What to do about Forsyth County's 2017 "Value Pending" Property Tax Notices

Many owners of commercial properties in Forsyth are recieving revaluation notices that do not state a value at all. Instead, where the new 2017 value should be, the notices say "VALUE PENDING." Meanwhile, the deadline in Forsyth County for appealing 2017 property values to the Board of Equalization and Review is June 30, 2017.  These two facts beg the question:  What are you supposed to do if you've recieved a notice that doesn't tell you what the 2017 property value is going to be?

We reached out to the Forsyth County tax office and learned that it still does not have a set date for when it will notify owners of the new values of properties previously given a "VALUE PENDING" notice.  Instead, the office is working through these properties and mailing them out as they are completed.  

Once recieved, the taxpayer will have 15 days from the date on the notice to request an informal appeal, and (as always) can elect to pursue an appeal to the Board of Equalization and Review at any time before June 30. If the tax office does not mail a notice with a value within 15 days of the June 30 deadline, the taxpayer will still have 15 days to appeal, even if that 15 days runs after June 30.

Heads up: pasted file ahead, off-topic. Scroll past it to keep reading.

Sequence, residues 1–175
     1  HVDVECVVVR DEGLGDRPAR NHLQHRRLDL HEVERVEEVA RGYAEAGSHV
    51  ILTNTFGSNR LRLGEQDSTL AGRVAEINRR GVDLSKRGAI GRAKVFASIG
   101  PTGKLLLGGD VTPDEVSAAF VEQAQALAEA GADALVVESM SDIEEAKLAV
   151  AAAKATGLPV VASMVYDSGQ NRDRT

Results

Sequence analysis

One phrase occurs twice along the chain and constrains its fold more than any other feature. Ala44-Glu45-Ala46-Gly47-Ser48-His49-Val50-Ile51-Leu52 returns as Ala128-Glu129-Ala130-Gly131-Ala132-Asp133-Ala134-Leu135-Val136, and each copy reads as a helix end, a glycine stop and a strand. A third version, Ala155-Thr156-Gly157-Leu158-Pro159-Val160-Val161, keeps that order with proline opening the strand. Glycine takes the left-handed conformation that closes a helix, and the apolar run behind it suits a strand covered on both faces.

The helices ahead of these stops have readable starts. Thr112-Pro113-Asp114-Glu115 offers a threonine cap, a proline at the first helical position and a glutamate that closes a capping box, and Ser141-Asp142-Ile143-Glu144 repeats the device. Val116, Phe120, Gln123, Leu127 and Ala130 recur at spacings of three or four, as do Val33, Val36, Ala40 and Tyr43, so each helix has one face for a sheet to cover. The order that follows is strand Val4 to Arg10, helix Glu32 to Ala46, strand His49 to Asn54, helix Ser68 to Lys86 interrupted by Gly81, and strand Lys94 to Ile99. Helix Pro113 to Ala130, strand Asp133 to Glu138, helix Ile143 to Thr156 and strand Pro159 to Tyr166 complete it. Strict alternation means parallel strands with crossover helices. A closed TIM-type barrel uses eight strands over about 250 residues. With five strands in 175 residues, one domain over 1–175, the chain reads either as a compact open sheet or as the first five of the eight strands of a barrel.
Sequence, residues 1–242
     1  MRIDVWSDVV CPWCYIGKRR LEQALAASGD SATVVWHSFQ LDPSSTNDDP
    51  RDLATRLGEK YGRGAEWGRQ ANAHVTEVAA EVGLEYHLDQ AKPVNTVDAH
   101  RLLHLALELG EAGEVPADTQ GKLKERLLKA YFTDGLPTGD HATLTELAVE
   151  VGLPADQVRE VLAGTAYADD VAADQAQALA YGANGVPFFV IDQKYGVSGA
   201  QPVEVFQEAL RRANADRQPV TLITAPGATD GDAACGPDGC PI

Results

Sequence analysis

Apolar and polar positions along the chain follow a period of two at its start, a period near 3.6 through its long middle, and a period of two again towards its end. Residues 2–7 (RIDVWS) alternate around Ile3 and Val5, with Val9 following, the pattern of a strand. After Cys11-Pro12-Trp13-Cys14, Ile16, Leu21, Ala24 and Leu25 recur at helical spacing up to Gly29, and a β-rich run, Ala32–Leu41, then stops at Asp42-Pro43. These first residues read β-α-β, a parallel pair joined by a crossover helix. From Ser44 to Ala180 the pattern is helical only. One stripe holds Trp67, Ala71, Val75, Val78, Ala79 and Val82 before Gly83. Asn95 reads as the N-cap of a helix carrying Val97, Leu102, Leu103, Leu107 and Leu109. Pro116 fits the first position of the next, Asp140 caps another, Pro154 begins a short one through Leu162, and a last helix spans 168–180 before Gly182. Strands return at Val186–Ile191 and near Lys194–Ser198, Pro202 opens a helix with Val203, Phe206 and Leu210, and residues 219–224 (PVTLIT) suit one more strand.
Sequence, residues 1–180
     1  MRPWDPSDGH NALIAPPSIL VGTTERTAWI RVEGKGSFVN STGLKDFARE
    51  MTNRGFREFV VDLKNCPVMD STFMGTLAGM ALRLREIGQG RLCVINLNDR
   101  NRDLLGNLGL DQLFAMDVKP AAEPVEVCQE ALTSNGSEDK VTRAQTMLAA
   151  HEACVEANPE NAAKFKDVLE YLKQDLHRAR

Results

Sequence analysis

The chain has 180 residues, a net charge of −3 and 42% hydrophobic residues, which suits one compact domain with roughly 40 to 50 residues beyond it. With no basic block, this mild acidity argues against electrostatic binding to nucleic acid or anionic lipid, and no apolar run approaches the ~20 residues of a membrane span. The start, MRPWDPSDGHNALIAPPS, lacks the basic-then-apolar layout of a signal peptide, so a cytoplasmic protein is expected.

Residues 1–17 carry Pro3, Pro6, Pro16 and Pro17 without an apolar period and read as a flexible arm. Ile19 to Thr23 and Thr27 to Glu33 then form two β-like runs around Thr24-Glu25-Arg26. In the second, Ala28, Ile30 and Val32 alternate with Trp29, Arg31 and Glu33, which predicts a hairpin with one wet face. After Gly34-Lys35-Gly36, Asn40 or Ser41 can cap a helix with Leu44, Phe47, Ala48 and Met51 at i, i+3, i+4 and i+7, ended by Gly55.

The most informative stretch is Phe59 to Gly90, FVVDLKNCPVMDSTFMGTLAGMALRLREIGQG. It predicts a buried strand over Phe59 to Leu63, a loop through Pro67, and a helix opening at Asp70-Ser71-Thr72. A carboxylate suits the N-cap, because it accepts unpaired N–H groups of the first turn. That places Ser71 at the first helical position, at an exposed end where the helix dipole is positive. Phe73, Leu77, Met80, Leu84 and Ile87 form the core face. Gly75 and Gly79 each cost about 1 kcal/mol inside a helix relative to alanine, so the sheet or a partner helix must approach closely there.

So, if you are in this situation, you have two options:  

  • One option is to go ahead and appeal your VALUE PENDING notice, either with an informal appeal or a formal appeal to the Board of Equalization and Review.  Doing so should protect your right to appeal should you ultimately disagree with the value listed on your future notice.  
  • Another option is to wait and see what your future notice says, and then make a decision about whether to appeal. If you chose that route, understand that you don't have a large window to make that decision, so be sure to watch the mail closely.

If you disagree with your revaluation and are interested in pursuing an appeal, you can find out more about this process in our 2017 Guide to 2017 North Carolina Commercial Property Tax Revaluation

About the Author

Justin Hardy

Justin M. Hardy

Justin focuses his practice on property tax appeals, intellectual property law, tax controversy law, and general business law.  He is a regular contributor to both The North Carolina Property Tax Law Monitor and The Trademarketing Blog.  You can follow him on Twitter @JustinHardyBDP.
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